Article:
No matter how good you are at managing your money, there’s always room for improvement. It’s not for the faint of heart, but it is necessary. With that in mind, we rounded up the best financial websites and blogs for women. With these on-the-money sites (sorry) handily saved in your bookmarks, you’ll be well on your way to upping your net worth and creating a better life for yourself.
One of the best things you can do for your future is to take the time to plan for it financially. That’s where LearnVest comes in. LearnVest was founded in 2010 by Harvard graduate and Financially Fearless author Alexa von Tobel. Von Tobel had a view that everyone, not just the wealthy, had the right to access financial planning tools and advisors. LearnVest offers both. When you sign up, you receive instant access to budgeting tools and classes. You’ll also be paired with a dedicated financial planner who will look at your current financial status – debts, assets, everything – and help you create an actionable, step-by-step plan for improving your situation. Better yet, LearnVest moves with you; as your situation improves and your goals change, so will LearnVest.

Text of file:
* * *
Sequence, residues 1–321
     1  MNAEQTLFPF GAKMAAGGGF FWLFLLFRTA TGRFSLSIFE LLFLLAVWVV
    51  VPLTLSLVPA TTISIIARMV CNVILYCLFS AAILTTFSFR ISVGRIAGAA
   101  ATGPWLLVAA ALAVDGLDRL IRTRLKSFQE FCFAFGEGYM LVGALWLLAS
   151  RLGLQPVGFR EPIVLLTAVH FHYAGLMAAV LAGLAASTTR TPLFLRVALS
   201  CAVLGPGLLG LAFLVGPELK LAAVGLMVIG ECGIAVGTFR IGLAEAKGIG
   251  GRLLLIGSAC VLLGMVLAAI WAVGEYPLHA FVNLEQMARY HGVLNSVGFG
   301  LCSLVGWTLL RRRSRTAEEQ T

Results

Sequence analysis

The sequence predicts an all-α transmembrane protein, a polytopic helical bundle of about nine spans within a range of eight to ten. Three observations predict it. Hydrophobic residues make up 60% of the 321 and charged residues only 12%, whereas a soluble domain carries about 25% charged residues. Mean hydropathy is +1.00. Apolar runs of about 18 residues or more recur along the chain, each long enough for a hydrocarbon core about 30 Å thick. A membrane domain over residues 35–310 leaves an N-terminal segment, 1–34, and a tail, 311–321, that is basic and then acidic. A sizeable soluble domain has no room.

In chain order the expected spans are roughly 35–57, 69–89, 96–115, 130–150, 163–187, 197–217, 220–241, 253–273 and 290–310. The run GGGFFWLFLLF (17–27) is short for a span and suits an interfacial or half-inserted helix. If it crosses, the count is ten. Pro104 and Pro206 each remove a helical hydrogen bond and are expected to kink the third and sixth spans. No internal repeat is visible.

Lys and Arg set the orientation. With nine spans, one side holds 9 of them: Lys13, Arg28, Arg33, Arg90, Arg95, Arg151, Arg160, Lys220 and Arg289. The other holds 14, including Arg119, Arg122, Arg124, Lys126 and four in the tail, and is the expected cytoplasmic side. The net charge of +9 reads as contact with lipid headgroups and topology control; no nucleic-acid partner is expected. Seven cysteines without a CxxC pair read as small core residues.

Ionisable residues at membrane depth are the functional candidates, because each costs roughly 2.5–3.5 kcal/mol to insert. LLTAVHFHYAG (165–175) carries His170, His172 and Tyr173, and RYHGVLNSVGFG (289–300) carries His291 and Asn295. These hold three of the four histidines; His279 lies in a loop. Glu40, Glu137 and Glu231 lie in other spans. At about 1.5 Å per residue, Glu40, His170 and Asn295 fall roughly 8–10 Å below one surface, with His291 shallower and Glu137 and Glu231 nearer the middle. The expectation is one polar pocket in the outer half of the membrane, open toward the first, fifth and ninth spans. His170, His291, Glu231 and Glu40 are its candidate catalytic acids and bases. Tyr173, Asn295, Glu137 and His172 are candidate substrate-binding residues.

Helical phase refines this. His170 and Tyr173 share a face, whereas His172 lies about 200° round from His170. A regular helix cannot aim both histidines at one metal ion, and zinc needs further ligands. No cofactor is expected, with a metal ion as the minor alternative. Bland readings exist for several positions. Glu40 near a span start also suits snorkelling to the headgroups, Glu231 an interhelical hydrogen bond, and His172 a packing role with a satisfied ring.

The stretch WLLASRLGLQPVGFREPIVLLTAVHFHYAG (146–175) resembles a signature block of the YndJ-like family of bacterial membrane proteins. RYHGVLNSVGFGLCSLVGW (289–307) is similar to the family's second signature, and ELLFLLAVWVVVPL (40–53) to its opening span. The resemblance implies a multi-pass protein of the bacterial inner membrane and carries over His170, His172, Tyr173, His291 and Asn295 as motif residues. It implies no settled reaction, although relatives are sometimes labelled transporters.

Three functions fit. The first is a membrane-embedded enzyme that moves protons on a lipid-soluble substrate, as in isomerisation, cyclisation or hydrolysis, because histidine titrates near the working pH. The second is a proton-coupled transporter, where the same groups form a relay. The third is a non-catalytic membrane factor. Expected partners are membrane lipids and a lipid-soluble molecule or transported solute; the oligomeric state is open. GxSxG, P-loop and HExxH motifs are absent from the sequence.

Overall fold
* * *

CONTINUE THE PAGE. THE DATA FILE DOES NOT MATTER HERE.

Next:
Taking an honest look at your financial status can make you feel vulnerable. So when you set out to correct your path, you want to know you’re dealing with an expert. That’s one reason to head to DailyWorth, which was launched by Amanda Steinberg in 2009. At the time, Steinberg was earning six figures as a computer programmer, but her net worth was low due to her extravagant lifestyle. Frustrated, Steinberg launched DailyWorth, a media site that empowers women to manage their money better. Users get free access to content written by financial experts – from planners to coaches. While improving her own net worth, Steinberg has improved the lives of millions of women. Better yet, Steinberg is just getting started. WorthFM, an Oprah-approved savings and investment platform, is set to launch soon.